Multi-Disciplinary 'Tosca' Arrives After Four Years in the Making

Photo: Down the hatch. A.C.T.'s 'The Tosca Project' spans the colorful characters and history of San Francisco with both dramatic and musical bravado – and occasionally with mixed results.
Kevin Berne/Courtesy
Down the hatch. A.C.T.'s 'The Tosca Project' spans the colorful characters and history of San Francisco with both dramatic and musical bravado – and occasionally with mixed results.


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Last week the American Conservatory Theatre in San Francisco presented the culmination of a four-year collaboration between Artistic Director Carey Perloff and Val Caniparoli of the San Francisco Ballet. The famous Tosca Café, a San Francisco landmark since the Roaring '20s, provides the inspiration for this innovative new piece of dance-theatre. "The Tosca Project" lives up to A.C.T.'s long-standing reputation as an institution unafraid of artistic challenge and risk.

This piece takes the audience on a journey through the entire lifespan of this iconic café. The doors open in 1919, just as prohibition arrives, turning the nation's bars into coffee houses. However, the bartender continues to serve smuggled liquor in his establishment, disguised as cappuccino.

The Bartender's character possesses a mysterious past, hints and echoes of which pervade the entire play through glimpses of scenes and music from Puccini's "Tosca." The unfolding mystery of his tragic love story provides a narrative thread to a piece that is otherwise in constant flux.

Time whirls by as jukebox songs and radio broadcasts usher in the passing decades. World War II arrives, bringing with it young sailors and their sweethearts. Lorena Feijoo and Pascal Molat dance a truly beautiful goodbye number as young lovers separated by the war. The '40s give way to the greasers of the '50s, then to the Beat poets and Flower Children of the '60s and so on.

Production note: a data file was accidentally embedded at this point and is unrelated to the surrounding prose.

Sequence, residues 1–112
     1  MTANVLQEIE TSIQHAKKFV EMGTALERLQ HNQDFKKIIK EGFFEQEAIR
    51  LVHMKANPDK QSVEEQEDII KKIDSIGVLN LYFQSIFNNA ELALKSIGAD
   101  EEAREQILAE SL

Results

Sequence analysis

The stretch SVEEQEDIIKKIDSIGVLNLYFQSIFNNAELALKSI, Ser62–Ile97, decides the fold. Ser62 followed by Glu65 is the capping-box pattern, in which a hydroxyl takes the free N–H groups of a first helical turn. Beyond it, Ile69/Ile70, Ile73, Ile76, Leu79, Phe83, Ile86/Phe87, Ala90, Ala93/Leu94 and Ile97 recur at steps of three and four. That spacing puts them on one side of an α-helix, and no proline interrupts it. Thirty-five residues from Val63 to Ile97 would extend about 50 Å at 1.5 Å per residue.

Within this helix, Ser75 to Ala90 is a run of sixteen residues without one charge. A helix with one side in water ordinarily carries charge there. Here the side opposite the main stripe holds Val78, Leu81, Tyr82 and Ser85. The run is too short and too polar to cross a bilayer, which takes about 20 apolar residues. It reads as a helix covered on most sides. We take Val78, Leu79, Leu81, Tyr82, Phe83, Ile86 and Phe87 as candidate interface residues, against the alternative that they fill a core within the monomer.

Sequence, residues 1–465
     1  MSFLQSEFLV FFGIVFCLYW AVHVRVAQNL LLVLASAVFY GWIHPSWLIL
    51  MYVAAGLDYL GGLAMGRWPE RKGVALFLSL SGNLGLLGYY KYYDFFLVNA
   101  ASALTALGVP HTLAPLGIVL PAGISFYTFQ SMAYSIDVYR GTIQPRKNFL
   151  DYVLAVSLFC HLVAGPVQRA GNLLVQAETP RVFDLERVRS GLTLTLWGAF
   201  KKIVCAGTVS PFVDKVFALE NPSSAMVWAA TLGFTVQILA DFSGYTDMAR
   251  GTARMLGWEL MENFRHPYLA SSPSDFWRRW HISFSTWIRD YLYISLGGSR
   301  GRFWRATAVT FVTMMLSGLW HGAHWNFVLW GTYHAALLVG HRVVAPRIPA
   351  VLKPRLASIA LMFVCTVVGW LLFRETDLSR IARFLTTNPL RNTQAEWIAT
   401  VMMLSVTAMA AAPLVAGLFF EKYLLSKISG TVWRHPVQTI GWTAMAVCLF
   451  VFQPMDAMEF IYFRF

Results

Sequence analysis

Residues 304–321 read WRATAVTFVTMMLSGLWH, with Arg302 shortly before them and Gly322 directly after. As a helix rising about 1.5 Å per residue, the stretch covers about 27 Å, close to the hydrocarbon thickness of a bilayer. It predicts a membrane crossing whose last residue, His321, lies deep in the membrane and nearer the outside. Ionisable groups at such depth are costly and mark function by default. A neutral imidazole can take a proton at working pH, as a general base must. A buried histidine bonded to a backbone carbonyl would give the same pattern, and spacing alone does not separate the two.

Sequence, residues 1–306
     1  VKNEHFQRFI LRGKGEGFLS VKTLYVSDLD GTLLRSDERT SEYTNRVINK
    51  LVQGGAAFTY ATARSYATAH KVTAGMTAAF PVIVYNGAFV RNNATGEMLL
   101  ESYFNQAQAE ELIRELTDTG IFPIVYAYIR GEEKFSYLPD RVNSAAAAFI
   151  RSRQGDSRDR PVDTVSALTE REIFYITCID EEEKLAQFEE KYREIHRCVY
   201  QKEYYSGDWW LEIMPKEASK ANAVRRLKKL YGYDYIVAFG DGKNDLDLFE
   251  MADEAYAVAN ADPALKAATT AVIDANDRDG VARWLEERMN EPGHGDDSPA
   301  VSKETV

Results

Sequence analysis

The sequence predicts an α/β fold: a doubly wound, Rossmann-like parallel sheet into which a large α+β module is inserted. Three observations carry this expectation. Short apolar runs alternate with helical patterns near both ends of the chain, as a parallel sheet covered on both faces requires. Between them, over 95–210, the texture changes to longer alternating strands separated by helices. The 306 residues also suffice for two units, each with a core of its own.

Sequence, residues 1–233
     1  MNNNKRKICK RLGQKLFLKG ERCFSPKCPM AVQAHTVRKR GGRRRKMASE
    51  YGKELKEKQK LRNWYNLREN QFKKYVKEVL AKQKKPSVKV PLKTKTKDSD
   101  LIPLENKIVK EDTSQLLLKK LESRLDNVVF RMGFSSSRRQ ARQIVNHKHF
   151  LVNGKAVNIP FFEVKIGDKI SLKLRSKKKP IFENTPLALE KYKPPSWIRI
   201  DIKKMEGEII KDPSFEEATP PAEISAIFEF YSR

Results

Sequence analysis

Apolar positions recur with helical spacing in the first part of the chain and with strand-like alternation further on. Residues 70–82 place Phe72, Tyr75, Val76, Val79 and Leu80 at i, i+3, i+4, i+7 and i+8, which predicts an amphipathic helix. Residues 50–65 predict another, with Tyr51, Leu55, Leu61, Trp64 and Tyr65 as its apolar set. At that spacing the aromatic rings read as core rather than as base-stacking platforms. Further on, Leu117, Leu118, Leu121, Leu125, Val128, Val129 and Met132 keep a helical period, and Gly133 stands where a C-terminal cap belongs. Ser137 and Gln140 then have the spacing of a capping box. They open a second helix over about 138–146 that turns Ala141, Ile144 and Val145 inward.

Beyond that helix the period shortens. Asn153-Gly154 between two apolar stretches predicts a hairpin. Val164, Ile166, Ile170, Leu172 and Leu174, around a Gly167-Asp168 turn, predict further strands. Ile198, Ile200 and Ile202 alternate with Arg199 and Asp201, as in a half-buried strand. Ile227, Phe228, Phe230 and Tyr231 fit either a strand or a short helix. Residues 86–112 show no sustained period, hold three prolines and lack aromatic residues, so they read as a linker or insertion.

One of the most memorable scenes is a hilariously self-deprecating look at the '90s in which all the customers dance manically around the stage, tapping feverishly away at their computers and palm-pilots and wandering about in complete personal isolation with briefcases over their heads.

But though the piece is well conceived and the dancing is indisputably exquisite, this parade of the decades is nothing new, and the steady predictability does become a little wearisome. The innovation of style does not seem to extend to content, and there is at least one too many cultural clichés in play.

However, the actors and dancers create something undeniably beautiful to watch. One should not look for too much hidden meaning in the narrative, anymore than one should look to musical notes in their changing harmonies to create literal meaning.

The real fun lies in the direct, if somewhat esoteric, references to notable San Francisco personalities. The Tosca Café has remained, through the decades, a center of local culture and, perhaps more importantly, counterculture. Over the years it has gained the affection and loyalty of such famous patrons as infamous topless dancer Carol Doda, poet Lawrence Ferlinghetti and ex-patriot Russian ballet dancer Rudolf Nureyev.

An uproarious scene near the end depicts the real life meeting of dancer Natalia Makarova and her husband Edward Karkar, which occurred in the Tosca Café. Sabina Alleman and Peter Anderson are sensational in this alternately hilarious and sultry duet.

Native San Franciscans will enjoy all the little details and allusions that other audience members might miss. However, it is entirely possible to enjoy the beauty of this piece without the benefit of background knowledge. The profound harmony between subject and setting creates a comfortable "feel-good" atmosphere in the theatre. The piece celebrates San Francisco through lens of one of its most iconic establishments. A.C.T. has created a visual love letter to the Tosca Café.


Enjoy a "cappuccino" or two with Gwen at [email protected]



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